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Uncovering Android Ransomware with Explainable AI

By Michele Scalas, Davide Maiorca and Giorgio Giacinto, University of Cagliari

Ransomware represents a serious threat that acts by locking the compromised device and encrypting its data (along with exfiltrating private information), forcing the device owner to pay a ransom to restore the device functionality or to avoid that the stolen data is publicly available. Attackers typically develop such dangerous apps so that normally legitimate functionalities (e.g. encryption) perform malicious behaviour; thus, making them harder to distinguish from genuine applications.

This kind of threat also affects the mobile domain, including the Android platform. In the following, we illustrate how such attacks towards Android work and the recent research efforts to uncover them.

Attack strategies

Typically, two methods are used to perform Android ransomware attacks: locking and encryption. In the first case, attackers take the following strategy:

  • They create visible, overlay screens (i.e. windows put on top of any other screen) that cannot be dismissed by the user;
  • They force such screens to stay always visible, even when they get killed or the device is rebooted;
  • They disable the navigation buttons, such as the back

Such created screens — as in Figure 1, where the ransomware app acts as a law enforcement agency — include a threatening message that instructs the user to perform the ransom payment, which will (theoretically) permit to suppress the permanent screen.

Figure 1. The typical messages of an Android ransomware. Source: ”KSN Report: Mobile ransomware in 2014-2016”, Kaspersky

Newer versions of Android have implemented countermeasures as a response to this strategy. For example,

  • the device can be booted in Safe Mode, where the system blocks third-party apps from running
  • starting overlay screens is not possible without showing a notification
  • the status bar takes priority and shows a specific notification that allows disabling overlay screens.

However, these recent Android versions do not reach the majority of devices as of September 2020. Thus, locking behaviour remains a relevant threat.

In the case of crypto-ransomware apps, the attacker shows a window that could not necessarily be constantly displayed, because his/her main focus is to perform encryption of the user data (e.g. photos, videos, documents). Therefore, paying the ransomware is needed to decipher the data.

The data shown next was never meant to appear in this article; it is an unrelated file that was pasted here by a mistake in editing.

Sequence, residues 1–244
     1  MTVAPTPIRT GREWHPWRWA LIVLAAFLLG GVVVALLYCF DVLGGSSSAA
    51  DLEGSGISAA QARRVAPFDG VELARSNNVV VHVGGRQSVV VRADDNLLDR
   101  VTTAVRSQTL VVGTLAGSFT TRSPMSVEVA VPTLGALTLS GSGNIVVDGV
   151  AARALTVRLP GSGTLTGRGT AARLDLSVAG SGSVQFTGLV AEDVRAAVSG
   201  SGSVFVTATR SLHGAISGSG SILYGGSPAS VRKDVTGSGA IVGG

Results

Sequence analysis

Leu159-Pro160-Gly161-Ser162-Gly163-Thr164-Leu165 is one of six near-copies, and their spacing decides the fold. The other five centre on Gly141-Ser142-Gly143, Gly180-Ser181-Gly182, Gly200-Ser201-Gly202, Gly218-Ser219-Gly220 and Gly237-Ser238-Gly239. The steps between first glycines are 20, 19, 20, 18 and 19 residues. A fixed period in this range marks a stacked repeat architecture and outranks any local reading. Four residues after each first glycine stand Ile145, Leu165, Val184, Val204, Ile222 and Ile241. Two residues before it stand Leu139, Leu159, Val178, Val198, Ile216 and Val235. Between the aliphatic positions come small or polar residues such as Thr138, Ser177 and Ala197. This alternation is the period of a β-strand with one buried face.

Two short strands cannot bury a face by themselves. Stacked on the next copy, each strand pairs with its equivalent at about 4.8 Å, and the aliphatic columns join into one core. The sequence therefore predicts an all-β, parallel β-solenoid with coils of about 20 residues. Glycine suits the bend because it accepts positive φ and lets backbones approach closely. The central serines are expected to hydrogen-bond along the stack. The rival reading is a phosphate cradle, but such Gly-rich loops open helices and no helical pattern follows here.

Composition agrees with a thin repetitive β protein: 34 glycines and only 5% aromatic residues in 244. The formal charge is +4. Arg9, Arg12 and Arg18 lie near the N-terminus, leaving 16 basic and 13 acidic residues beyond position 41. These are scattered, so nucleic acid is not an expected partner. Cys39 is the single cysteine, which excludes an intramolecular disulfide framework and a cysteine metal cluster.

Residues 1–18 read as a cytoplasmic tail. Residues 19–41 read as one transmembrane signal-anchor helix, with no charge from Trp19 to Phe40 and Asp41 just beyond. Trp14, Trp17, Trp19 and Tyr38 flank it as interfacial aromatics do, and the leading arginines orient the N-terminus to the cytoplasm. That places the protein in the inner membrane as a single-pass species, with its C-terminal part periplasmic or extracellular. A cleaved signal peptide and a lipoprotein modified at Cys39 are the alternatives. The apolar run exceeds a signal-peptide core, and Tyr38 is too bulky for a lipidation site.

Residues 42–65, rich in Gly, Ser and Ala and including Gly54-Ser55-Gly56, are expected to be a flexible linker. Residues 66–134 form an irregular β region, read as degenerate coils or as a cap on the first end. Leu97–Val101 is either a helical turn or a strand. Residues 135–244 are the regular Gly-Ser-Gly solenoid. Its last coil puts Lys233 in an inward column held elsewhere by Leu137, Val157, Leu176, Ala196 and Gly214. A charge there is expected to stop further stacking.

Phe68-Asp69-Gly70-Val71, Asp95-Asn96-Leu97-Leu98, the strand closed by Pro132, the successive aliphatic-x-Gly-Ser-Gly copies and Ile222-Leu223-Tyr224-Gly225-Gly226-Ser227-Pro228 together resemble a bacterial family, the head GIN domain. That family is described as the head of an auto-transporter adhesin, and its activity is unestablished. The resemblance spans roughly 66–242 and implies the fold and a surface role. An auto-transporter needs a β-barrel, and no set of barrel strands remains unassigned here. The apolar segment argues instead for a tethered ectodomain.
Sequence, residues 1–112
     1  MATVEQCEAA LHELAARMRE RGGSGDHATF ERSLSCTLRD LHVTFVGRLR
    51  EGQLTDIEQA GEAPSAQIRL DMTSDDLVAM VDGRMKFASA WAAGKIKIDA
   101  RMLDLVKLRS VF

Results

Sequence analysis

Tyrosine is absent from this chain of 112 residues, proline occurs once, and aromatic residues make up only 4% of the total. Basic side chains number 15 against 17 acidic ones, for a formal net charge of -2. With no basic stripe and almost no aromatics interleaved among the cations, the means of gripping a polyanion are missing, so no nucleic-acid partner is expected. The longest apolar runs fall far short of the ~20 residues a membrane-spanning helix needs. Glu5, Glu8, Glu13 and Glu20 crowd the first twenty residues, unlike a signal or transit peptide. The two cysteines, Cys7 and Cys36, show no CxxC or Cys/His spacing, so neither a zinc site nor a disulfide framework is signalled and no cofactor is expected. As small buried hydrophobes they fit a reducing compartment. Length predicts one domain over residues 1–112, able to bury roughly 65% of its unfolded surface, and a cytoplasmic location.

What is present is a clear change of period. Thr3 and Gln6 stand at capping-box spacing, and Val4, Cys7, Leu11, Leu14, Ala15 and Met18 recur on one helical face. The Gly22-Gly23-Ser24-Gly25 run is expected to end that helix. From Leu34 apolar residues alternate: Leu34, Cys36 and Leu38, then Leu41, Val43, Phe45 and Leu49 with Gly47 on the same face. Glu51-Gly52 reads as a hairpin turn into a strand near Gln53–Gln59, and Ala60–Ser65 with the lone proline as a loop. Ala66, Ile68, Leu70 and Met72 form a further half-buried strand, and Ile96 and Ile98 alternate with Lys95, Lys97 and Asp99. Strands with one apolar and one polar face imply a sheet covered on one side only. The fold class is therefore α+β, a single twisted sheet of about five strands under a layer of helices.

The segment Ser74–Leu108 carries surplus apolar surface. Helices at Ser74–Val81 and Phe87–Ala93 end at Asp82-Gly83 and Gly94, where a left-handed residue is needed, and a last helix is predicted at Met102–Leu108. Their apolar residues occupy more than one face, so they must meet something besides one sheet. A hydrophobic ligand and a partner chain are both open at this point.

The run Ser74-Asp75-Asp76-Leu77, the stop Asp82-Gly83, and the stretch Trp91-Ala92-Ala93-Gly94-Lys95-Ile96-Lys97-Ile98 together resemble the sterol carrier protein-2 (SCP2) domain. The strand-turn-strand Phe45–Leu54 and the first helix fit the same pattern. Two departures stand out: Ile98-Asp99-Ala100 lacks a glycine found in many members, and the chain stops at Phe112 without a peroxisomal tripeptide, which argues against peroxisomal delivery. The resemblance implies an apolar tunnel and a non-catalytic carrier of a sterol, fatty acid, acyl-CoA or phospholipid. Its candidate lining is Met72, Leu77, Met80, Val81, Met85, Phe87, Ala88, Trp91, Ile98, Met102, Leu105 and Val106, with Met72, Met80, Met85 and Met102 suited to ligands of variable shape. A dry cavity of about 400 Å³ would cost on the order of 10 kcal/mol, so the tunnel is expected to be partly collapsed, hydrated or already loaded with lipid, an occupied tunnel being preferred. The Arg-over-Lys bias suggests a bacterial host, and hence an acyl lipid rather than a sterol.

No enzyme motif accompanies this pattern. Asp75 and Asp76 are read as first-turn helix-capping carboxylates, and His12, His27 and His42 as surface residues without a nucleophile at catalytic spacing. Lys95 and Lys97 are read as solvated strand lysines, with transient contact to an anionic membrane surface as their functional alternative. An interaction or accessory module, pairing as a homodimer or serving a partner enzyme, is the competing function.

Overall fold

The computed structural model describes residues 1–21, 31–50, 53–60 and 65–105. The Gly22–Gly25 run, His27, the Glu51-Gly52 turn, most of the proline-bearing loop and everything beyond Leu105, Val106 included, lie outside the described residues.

A notable characteristic of this scheme is that it consists of malicious usage of legitimate system functionalities and components. For example, showing a non-dismissable screen is often used to avoid accidental touches by users that may cause them to miss the screen’s content. Equally, encryption is not malicious in itself, since it is usually employed to store sensitive data generated by the apps securely. This fact makes ransomware incredibly deceitful; thus, the challenge for security experts is to carefully point out the traits that distinguish malicious behaviour from legitimate behaviour.

How AI can detect and explain ransomware

Artificial intelligence — Machine learning, in particular — has been increasingly used to develop Android malware detection systems, i.e. tools that classify an app as malicious or legitimate. In our studies, we have shown that ransomware can be detected through machine learning algorithms by training them to analyse a small set of characteristics (the so-called features of the algorithm) in the structure of the apps. We have studied the practical feasibility of our approach, evaluating its resilience and the computational cost on a mobile device.

More recently, we’ve been proposing methods to discover the specific traits that characterise Android ransomware attacks. To do so, we employ explainability techniques, which are experimental tools that allow understanding the knowledge learned by machine learning models. This way, the research community aims to identify the most preeminent features characterising ransomware apps, at the same time pointing out the weaknesses of current AI-based detectors.

As an example, in one of our exercises, we have considered a basic set up where we make use of two types of features: i) the calls to system functionalities and ii) the request of permissions. The rationale behind this choice in the following: